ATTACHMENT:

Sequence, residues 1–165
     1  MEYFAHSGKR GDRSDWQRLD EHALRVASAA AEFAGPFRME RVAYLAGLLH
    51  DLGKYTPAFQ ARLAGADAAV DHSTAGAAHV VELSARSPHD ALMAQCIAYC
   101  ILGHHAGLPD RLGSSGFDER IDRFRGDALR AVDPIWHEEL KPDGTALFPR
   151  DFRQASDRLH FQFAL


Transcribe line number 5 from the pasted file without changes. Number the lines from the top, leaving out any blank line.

   151  DFRQASDRLH FQFAL